A recent flurry of regulatory actions from Chinese authorities have raised alarm bells for investors.
Restrictions on video game play, cryptocurrency activity, heightened scrutiny on the handling of user data by consumer internet firms, and new processes for Chinese companies listing abroad have all garnered headlines over the last few months. Regulatory scrutiny has also put pressure on China’s real estate sector, with the ongoing collapse of developer China Evergrande Group the most visible example.
Owning shares of U.S.-listed Chinese companies has always been accompanied by regulatory uncertainty. On this count, today’s environment is no different.
Investment firm Marshall Wace called U.S.-listed Chinese stocks “uninvestable” in mid-August. This week, the CIO at Soros Fund Management said the firm is not putting money into China right now.
Given the unpredictability of regulatory actions in China, we appreciate these concerns and understand the caution from other investors.
But our experience tells us that the most attractive entry points often arise before an investment’s hardest questions have been answered. Our work today is focused less on whether we maintain investments in China, but rather at what point will it be appropriate to increase our current exposure.
The most recent bout of regulatory actions from Beijing brings with it three primary factors we’re grappling with: duration, intensity, and scope. In other words, as investors we must try to think through when these pressures will ease, how far these regulatory measures might go, and what sectors of the economy beyond those mentioned above are at risk.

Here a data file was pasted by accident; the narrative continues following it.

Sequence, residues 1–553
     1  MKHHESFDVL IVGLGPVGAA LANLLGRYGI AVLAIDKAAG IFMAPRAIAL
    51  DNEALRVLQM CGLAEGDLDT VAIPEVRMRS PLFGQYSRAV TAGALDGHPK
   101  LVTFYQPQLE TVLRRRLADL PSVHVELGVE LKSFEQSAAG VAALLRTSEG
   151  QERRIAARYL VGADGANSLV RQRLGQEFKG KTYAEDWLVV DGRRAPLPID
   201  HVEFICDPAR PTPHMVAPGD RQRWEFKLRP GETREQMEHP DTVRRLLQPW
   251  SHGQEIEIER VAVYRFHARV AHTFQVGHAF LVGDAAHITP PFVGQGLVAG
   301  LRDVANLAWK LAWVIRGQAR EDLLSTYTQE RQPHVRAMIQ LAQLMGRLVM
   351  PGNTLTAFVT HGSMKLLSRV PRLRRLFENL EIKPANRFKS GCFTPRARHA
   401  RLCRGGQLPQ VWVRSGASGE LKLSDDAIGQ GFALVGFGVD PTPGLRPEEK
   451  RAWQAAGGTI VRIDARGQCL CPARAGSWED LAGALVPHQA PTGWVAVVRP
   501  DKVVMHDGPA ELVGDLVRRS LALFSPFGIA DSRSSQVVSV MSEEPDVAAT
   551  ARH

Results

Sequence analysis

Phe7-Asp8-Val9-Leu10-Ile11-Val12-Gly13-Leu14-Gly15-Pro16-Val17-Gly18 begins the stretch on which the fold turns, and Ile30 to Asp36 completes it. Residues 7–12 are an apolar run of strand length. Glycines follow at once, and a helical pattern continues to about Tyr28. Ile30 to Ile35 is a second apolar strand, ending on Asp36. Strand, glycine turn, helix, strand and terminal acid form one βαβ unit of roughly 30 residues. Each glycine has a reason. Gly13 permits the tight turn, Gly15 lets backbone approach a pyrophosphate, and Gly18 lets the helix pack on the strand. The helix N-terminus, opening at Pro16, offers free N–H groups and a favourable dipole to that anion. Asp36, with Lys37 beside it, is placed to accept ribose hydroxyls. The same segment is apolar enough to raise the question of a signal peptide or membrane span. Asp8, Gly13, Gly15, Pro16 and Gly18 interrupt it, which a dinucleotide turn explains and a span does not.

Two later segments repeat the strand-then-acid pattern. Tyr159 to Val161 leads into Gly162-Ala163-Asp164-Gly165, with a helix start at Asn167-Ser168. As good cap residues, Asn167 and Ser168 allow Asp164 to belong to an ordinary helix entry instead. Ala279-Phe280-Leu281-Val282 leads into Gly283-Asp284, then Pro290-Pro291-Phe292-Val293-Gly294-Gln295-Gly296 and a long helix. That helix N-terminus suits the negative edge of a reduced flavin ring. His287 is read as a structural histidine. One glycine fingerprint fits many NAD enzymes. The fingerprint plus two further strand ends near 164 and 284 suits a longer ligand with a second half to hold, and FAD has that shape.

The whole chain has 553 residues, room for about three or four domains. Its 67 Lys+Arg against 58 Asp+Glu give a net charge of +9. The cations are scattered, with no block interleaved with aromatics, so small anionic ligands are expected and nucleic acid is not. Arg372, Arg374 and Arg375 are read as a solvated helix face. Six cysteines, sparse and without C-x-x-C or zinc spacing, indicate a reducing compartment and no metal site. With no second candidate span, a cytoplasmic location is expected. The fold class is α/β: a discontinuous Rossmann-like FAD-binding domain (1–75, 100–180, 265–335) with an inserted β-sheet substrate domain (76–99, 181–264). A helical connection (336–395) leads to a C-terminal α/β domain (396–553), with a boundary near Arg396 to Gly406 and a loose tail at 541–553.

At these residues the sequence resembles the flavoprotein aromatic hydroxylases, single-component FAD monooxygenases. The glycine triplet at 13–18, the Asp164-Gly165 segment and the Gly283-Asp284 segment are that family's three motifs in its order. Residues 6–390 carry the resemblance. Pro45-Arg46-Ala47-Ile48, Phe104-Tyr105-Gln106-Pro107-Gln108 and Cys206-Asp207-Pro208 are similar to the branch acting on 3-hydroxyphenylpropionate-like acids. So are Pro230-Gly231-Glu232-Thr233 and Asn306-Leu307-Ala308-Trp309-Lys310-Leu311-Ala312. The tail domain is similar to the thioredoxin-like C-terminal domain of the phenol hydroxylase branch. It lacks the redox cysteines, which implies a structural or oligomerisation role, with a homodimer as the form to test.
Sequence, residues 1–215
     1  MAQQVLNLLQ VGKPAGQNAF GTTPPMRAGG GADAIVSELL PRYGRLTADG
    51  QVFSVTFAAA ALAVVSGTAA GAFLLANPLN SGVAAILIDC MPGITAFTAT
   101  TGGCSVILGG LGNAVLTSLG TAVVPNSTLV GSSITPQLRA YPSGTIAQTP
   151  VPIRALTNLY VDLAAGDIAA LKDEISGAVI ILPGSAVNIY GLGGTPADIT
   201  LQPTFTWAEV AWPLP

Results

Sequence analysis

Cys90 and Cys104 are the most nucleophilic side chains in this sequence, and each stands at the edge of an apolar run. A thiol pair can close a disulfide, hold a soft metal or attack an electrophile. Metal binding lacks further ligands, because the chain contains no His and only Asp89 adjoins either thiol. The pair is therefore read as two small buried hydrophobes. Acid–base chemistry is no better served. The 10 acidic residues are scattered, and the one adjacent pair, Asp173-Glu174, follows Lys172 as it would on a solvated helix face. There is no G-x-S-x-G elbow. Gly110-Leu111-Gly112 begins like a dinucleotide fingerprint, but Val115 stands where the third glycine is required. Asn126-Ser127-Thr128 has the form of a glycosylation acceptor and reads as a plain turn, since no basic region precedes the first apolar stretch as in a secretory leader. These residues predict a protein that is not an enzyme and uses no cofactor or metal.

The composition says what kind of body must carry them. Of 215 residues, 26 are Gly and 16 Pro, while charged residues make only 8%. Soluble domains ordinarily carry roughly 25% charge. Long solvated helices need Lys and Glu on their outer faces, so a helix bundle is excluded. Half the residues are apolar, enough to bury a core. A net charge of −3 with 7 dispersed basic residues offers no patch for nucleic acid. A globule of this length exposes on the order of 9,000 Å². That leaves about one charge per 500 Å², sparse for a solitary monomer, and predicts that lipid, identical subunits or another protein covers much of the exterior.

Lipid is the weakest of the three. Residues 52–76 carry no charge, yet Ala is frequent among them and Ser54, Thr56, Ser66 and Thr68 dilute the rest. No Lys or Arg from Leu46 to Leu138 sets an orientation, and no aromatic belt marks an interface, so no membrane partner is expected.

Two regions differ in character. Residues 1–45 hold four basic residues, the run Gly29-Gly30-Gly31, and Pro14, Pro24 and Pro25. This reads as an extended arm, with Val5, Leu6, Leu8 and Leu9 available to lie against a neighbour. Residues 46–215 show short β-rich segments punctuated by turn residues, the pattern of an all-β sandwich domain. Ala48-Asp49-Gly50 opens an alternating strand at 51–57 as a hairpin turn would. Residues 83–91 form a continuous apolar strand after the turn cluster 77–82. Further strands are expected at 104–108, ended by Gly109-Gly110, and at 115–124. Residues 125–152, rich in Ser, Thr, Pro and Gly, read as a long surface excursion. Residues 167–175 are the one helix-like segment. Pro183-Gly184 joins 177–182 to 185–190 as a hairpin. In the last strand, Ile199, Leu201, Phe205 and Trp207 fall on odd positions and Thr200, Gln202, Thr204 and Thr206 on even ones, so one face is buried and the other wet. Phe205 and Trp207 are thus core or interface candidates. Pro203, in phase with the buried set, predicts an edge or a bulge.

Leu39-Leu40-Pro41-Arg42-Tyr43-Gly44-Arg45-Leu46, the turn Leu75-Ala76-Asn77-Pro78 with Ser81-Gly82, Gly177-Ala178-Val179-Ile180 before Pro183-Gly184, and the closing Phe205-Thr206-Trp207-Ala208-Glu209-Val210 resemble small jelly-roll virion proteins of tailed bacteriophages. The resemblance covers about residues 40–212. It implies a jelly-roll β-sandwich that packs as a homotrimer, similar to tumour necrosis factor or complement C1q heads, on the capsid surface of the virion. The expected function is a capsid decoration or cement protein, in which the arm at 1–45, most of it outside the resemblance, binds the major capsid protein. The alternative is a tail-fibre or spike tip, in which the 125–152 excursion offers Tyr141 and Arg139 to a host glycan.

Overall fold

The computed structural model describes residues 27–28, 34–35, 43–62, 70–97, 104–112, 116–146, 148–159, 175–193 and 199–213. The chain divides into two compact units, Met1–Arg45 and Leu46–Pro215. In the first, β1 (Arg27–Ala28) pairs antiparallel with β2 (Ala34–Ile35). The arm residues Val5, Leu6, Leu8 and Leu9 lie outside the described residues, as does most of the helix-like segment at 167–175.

Next fall, the Chinese Communist Party will host its 20th Party Congress, an event at which it is expected Xi Jinping will set a new precedent in serving a third term as General Secretary of the Chinese Communist Party. Beijing’s new, more aggressive regulatory stance should remain in place throughout the run-up to this event, and everything will remain on the table as Xi seeks to consolidate political and electoral support.
But viewing these actions as strictly hostile towards a market economy is, in our view, an overstatement of the threat Beijing poses to its private sector. Like its counterparts in the West, Beijing views the “market mechanism” as an efficient and healthy way to grow its economy. But unlike most Western governments, the CCP believes in taking an active and explicit role in directing the private sector to achieve what it considers national prosperity.
Over the last decade, China’s biggest companies have been from the industries that investors around the world have favored: e-commerce, fintech, ride sharing, and delivery. Party officials have more recently emphasized investments in smaller businesses focused on producing power equipment, sensors, and semiconductors.
Xi and his allies are clearly focused on boosting China’s manufacturing capabilities by funneling financial, human, and political capital into production-oriented sectors and away from “softer” areas like consumer technology.
Overall, we view Beijing’s recent actions as more of a difference in style than in kind. The CCP does not want to choke off access to capital markets for China’s biggest companies, but more closely manage which companies gain this access and at what pace.
Right now, we believe Chinese stocks are investable and our analysts are working hard to find additional opportunities to deploy capital into China. Access to the world’s second-largest economy and over 400 million middle-class consumers is a reward we believe is commensurate with today’s risks and current valuations.